Sal Maglie was a feared and hated pitcher perhaps best known for his vicious knockdown pitches that made batters tremble. Yet he was also respected as a ferocious competitor, one who pitched with his arm and his head, one who could be depended upon when his team needed a victory, and one who refused to quit, even when faced with a blacklisting, crippling injuries, and advanced age. Off the field, he was an amiable man.
This work chronicles the life and career of the man and the player: his unspectacular minor league career, his 1945 debut with Mel Ott's New York Giants, his blacklisting by organized baseball for playing in Jorge Pasquel's Mexican League, and his rejoining the Giants in 1950 at the age of 33.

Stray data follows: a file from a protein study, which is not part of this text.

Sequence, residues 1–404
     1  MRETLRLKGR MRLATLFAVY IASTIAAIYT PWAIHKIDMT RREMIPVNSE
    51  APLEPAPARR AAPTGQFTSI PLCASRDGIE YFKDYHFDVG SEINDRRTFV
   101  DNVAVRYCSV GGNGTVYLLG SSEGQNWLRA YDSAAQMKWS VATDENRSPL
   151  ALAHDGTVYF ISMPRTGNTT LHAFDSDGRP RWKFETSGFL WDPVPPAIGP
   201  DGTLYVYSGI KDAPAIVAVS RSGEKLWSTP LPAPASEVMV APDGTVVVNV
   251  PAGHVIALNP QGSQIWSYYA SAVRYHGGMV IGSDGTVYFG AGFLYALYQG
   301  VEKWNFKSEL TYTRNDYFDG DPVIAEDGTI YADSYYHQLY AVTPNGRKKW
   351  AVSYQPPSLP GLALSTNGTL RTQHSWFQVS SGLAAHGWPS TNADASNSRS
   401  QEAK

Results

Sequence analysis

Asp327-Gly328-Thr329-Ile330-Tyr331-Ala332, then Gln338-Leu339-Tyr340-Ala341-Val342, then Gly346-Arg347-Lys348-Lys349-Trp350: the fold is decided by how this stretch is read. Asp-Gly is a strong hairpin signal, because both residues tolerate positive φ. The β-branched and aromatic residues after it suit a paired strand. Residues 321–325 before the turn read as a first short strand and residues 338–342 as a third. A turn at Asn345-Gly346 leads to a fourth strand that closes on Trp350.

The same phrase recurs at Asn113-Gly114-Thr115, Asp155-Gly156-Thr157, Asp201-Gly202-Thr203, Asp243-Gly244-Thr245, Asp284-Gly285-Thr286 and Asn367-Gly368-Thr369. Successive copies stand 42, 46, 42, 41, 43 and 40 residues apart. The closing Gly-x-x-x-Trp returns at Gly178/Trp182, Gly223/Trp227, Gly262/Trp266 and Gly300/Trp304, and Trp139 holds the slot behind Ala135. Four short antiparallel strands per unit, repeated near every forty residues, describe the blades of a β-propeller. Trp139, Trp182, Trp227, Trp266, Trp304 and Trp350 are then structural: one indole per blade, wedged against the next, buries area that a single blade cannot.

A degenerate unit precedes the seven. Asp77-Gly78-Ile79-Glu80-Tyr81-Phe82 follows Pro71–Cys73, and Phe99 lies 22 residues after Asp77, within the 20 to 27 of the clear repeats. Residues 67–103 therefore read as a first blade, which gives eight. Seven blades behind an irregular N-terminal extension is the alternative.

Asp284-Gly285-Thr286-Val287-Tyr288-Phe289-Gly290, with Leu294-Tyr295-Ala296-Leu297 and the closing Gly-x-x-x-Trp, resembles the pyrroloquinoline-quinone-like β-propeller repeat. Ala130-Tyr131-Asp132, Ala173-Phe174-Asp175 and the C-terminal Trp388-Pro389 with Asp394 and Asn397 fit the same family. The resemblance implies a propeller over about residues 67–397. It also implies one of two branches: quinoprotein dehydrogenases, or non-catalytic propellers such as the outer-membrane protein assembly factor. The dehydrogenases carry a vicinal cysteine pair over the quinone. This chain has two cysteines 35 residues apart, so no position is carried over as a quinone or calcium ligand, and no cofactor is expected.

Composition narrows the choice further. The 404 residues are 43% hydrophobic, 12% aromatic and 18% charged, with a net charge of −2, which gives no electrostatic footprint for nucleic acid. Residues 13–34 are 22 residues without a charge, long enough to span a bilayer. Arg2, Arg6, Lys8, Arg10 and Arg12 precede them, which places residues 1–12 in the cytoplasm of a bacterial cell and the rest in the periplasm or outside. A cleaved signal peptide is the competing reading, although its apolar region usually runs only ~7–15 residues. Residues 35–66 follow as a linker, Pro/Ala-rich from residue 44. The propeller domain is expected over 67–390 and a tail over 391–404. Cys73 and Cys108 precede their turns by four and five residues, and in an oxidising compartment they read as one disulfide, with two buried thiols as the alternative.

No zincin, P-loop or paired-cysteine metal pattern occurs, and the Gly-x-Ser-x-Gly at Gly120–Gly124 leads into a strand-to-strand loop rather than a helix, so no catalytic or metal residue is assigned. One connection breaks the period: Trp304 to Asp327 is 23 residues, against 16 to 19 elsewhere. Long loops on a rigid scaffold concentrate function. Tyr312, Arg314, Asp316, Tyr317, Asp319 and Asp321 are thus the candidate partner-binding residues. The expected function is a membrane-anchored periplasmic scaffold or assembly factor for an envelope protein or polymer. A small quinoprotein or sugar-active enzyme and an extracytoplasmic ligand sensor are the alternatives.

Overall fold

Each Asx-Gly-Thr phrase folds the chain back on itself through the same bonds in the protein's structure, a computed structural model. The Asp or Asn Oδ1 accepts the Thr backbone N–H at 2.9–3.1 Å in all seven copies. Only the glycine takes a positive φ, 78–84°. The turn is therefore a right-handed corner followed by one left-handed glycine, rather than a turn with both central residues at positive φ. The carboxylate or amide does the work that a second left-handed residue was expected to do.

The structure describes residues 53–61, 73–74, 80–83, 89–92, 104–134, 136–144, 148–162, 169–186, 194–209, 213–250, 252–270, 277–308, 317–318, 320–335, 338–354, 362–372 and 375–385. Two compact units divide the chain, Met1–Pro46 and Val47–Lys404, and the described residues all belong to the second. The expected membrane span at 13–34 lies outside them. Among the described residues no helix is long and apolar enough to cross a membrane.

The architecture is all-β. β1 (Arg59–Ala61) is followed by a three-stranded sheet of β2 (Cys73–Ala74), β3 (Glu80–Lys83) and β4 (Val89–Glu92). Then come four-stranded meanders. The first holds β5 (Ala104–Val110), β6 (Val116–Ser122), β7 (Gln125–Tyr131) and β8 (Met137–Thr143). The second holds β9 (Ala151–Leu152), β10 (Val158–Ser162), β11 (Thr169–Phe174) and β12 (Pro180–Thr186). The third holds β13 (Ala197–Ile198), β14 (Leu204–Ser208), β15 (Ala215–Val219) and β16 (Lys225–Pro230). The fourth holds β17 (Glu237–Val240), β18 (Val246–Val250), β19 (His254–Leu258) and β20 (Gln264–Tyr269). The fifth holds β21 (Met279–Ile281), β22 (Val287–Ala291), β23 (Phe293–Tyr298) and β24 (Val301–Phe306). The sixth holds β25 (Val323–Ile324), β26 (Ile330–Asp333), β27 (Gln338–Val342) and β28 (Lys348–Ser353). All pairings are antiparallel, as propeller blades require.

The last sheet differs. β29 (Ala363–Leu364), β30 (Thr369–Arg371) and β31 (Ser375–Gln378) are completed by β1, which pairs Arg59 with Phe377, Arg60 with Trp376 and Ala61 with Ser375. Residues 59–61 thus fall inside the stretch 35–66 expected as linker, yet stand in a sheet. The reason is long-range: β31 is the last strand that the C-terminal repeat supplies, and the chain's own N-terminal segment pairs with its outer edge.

He thereupon established himself as a bona fide big league pitcher, and went on to have a stellar career in the majors that included stints with the Cleveland Indians, Brooklyn Dodgers, New York Yankees, and St. Louis Cardinals. Game-by-game analyses of Maglie's professional career, intimate portraits of the men Maglie played with and against - Mel Ott, Eddie Stanky, Monte Irvin, Jackie Robinson, Carl Furillo, Willie Mays, among others - and a look at baseball as it was played in the 1940s and 1950s are features of the book.